— Welch, p. 91

Viewpoints on civil rights varied among members of the Half-Breed faction. Some such as Hayes, Evarts, McCrary and Wheeler were willing to entirely abandon Reconstruction efforts and surrender the South to the Redeemers, while the more pro-civil rights Hoar and Blair favored an alternative to military Reconstruction in the form of increased public education funding to alleviate a large percentage of Southern blacks from illiteracy.


GOP campaign, 1876Edit

During the 1876 presidential election, the Republican National Convention nominated Rutherford Hayes and William Wheeler to head the party ticket for the general election. Both Hayes and Wheeler sought to peel away Democrat support from the South by voicing conciliatory tones,[22] attempting to draw support from upper-class old Southern Whigs who eventually joined the Democratic Party when the Whig Party collapsed.

William M. Evarts, a Half-Breed involved in the Compromise of 1877.

Frederick Douglass asked at the party convention whether delegates would continue to uphold the constitutional rights of blacks, or if they intended to "get along without the vote of the black man in the South."[22] Hayes and Wheeler chose the latter.

Hayes presidencyEdit

The Compromise of 1877 that resolved the controversies and disputes of the 1876 presidential election gave the White House to Hayes over Bourbon Democrat opponent Samuel J. Tilden. Soon after taking office, Hayes abandoned his past Radical Republicanism and along with Secretary of War George W. McCrary pulled federal troops from the Southern states of South Carolina and Louisiana,[23] all but ensuring a Jim Crow Democrat takeover of the region.

President Hayes also pushed for civil service reform,[24] aligning himself with the Half-Breeds. Seeking to curb the powers of Conkling and the latter's powerful New York political machine, Hayes removed a number of the senator's allies from the state's patronage system.

Setback and rebukeEdit

The Collector of the Port of New York was a highly prized position, as the port functioned as a center of international trade between the United States and other countries.[25] Hayes vainly attempted to wrest control of appointments to the position from the Conkling machine to no avail, twice failing to appoint a like-minded political figure due to the successful congressional blockade initiated by the Stalwarts.

Soon afterwards, Conkling appointed close ally and future president Chester A. Arthur to the post of Collector.[25] Arthur proved to be corrupt, giving away jobs only on the basis of party affiliation with no regard for competence and qualifications.[26] Hayes then investigated the Customs House, and along with John Sherman (the Secretary of the Treasury) removed Arthur from the position.[25]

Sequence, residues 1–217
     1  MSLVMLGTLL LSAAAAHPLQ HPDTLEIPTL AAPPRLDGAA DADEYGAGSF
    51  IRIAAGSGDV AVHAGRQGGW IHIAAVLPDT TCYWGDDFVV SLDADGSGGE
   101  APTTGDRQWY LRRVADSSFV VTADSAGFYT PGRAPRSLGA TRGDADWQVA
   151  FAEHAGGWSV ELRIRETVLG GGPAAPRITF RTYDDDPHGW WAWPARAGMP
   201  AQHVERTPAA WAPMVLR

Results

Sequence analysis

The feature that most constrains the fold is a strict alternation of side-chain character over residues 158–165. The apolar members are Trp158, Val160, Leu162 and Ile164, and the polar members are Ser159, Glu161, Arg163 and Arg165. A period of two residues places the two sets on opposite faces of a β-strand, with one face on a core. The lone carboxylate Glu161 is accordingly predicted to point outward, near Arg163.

Blaine supporters temporarily join Stalwarts against HayesEdit

Hayes' decision to remove Arthur from the New York Customs House angered not only Stalwarts but even elicited the criticism of the Blaine faction, who questioned the wisdom of the action and had earlier stood side-by-side with the president.[27] Any remaining hopes of a party renomination for Hayes in the 1880 presidential election depended on support from potential Blaine supporters. With this needed bolstering evaporating, he faced no chance of becoming the Republican nominee for the race.[27] The Blaine organization instead turned to advocate a nomination of their leader, Senator Blaine.[25]

During the Hayes years, Blaine frequently joined Stalwarts in voting against the president's nominees, including Theodore Roosevelt, Sr.,[28] Edwin Atkins Merritt,[29] and Silas W. Burt.[30] The nomination of Roosevelt, Sr., was supported by Democrats and several Half-Breed leaders such as Hoar, but were defeated by the majority of Republicans under the leadership of Conkling.

1880 United States presidential electionEdit

In the 1880 Republican National Convention, the Stalwart candidate, former president Ulysses S. Grant, was pitted against James G. Blaine for the party nomination. Grant's campaign was led by Stalwart leaders John A. Logan of Illinois, Simon Cameron and his son J. Donald Cameron of Pennsylvania, and Roscoe Conkling of New York, the state with the deepest split between Stalwarts and Half-Breeds. Despite Conkling's attempts at imposing a unit-rule in the Republican National Convention by which a state's votes would be grouped together for only one candidate,[31] a number of Stalwarts went against him by vocalizing their support for the Blaine. Half-Breeds and the Blaine faction united to defeat the unit-rule in a vote, and elected Half-Breed George Frisbie Hoar to the position as temporary chairman of the convention.[32][33]

Both sides knew there was no chance of victory for either candidate, and the Half-Breeds chose James Garfield as a compromise candidate. Garfield won the party's nomination on the thirty-sixth ballot,[34] and subsequently emerged victorious in the general election narrowly.[35]

Garfield administration, assassination, aftermathEdit

Senator James G. Blaine, a convert into the Half-Breeds.

Blaine was chosen as Garfield's Secretary of State, and carried heavy influence over the political appointments Garfield issued for congressional approval. After Garfield was assassinated by Charles J. Guiteau, a self-professed Stalwart, who proclaimed, "I am a Stalwart of the Stalwarts and Arthur will be President,"[36] the new Stalwart president Chester A. Arthur surprised those in his own faction by promoting civil service reform and issuing government jobs based on a merit system.[37]